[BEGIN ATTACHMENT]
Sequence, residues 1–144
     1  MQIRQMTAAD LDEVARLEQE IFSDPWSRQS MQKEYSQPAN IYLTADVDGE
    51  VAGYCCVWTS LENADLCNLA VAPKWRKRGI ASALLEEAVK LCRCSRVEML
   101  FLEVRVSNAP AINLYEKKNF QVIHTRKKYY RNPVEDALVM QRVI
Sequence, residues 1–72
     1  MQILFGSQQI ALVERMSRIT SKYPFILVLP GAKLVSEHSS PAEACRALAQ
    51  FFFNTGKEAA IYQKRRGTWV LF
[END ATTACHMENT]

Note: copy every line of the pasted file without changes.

Sequence, residues 1–144
     1  MQIRQMTAAD LDEVARLEQE IFSDPWSRQS MQKEYSQPAN IYLTADVDGE
    51  VAGYCCVWTS LENADLCNLA VAPKWRKRGI ASALLEEAVK LCRCSRVEML
   101  FLEVRVSNAP AINLYEKKNF QVIHTRKKYY RNPVEDALVM QRVI
Sequence, residues 1–72
     1  MQILFGSQQI ALVERMSRIT SKYPFILVLP GAKLVSEHSS PAEACRALAQ
    51  FFFNTGKEAA IYQKRRGTWV LF